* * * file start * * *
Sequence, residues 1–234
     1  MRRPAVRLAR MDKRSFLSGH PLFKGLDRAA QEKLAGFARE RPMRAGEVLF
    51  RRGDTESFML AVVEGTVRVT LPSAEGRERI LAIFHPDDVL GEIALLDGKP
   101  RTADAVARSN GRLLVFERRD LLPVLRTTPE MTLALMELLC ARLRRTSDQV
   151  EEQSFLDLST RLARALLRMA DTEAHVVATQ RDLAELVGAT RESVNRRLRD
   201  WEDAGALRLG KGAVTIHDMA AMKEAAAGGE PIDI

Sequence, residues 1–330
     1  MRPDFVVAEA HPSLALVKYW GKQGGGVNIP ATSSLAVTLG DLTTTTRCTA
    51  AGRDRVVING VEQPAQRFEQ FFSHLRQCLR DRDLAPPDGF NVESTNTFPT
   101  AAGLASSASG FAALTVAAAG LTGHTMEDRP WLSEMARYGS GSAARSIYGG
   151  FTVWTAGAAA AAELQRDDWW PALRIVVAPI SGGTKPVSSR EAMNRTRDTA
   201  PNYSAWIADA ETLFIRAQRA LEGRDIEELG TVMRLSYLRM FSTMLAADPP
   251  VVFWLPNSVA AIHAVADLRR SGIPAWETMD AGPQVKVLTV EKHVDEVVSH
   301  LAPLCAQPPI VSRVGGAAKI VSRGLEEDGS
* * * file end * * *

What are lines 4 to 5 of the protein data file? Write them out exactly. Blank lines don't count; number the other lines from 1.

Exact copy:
   101  RTADAVARSN GRLLVFERRD LLPVLRTTPE MTLALMELLC ARLRRTSDQV
   151  EEQSFLDLST RLARALLRMA DTEAHVVATQ RDLAELVGAT RESVNRRLRD